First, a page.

The Rotary Club Abuja Garki Neighbourhood has trained no fewer than 30 healthcare workers and enumerators on the treatment and eradication of hepatitis in Abuja.
It said this became necessary as a lot of Nigerians are walking the streets with hepatitis without being tested to determine their status.
A recent study by the World Health Organization in Nigeria found the prevalence of hepatitis B and C in the country to be 8.1% and 1.1% of the population respectively.
This means that about 19 million Nigerians have hepatitis B or C. The research found out that about 11% of Nigerian patients with hepatitis B also had hepatitis D. The co-existence of hepatitis B and D is a greater threat to liver health than hepatitis B virus alone. Unfortunately, most patients with hepatitis B and hepatitis C infections are asymptomatic and can remain so until the liver is significantly damaged.
The World Health Organisation has also estimated that only about 10% and 19% of patients with chronic HBV and HCV are aware of their infections. Hepatitis B and C viruses could lead to liver cancer if not properly treated. The median survival of patients with hepatocellular carcinoma (liver cancer) in sub-Saharan Africa is less than three months.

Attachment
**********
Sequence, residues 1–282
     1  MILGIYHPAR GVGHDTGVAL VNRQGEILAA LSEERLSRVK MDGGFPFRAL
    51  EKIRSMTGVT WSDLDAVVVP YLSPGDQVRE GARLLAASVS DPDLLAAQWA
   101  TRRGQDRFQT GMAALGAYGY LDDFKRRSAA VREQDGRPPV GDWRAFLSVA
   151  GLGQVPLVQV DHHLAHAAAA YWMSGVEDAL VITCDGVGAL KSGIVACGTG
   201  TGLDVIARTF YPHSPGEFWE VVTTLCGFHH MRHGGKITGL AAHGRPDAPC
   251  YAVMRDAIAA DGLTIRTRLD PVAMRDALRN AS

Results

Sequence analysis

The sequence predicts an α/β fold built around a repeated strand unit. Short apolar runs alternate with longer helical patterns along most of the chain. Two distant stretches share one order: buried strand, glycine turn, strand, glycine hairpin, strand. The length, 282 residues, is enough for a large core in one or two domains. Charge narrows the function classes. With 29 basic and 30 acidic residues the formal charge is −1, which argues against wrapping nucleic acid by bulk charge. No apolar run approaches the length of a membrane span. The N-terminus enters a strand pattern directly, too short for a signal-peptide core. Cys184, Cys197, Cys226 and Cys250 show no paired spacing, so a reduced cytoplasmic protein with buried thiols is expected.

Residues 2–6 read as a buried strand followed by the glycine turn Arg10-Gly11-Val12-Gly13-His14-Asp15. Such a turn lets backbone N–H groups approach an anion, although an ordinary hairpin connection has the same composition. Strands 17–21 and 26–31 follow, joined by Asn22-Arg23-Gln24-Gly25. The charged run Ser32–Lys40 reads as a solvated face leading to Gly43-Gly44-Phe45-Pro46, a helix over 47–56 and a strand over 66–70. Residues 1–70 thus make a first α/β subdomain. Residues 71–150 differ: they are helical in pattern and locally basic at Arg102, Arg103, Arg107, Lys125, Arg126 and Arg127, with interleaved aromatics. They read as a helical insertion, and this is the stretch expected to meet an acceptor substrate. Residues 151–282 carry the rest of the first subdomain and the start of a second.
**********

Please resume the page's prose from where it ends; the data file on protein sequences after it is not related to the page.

Speaking at the end of the 3 days training tagged “Hepatitis Eradication Project: Training and Outreach”, the rotary district 9125 governor, Ayoola Oyedokun said this training is to create awareness on the danger of the hepatitis that kill faster than HIV, Covid-19 and malaria that is ravaging Nigeria, Africa and the rest of the world.
“That is why hepatitis eradication is an important project that Rotary is embarking upon. This is the first set of the training that we have started.
“We have over 30 of them that has commenced training to help in understanding the disease they are going to the field to talk about and they will have to talk about this to the citizens so that they will have to understand why they need to be tested.
“By training them, they will know everything they need to know about hepatitis, collect samples and counsel the people that are affected because some would come out negative or positive.
“For those that will come out positive, there must be a counsel process that would make them understand that it is not a death sentence they have be given.”
Similarly, the member of Rotary Action Group on Hepatitis, Rotarian Maryam Ahmed, also said Rotary has an intention or desire to achieve just like it has achieved the polio on zero in Nigeria.
“We also intend and desire to achieve hepatitis zero level in Nigeria as soon as possible. This has started and this is part of what we are doing other clubs have done it. And by the time you start this, it means you continue with the adopted community.
Also, the president of the Rotary Club Abuja Garki Neighbourhood, Solomon Bala said the Neighbourhood is dealing with one of the seven areas of focus of Rotary International, which is disease prevention and treatment.
“That is what we’re going to do in our community now because hepatitis is a killer diseases, a killer disease that people are not aware of. So we are here to impact and do that.”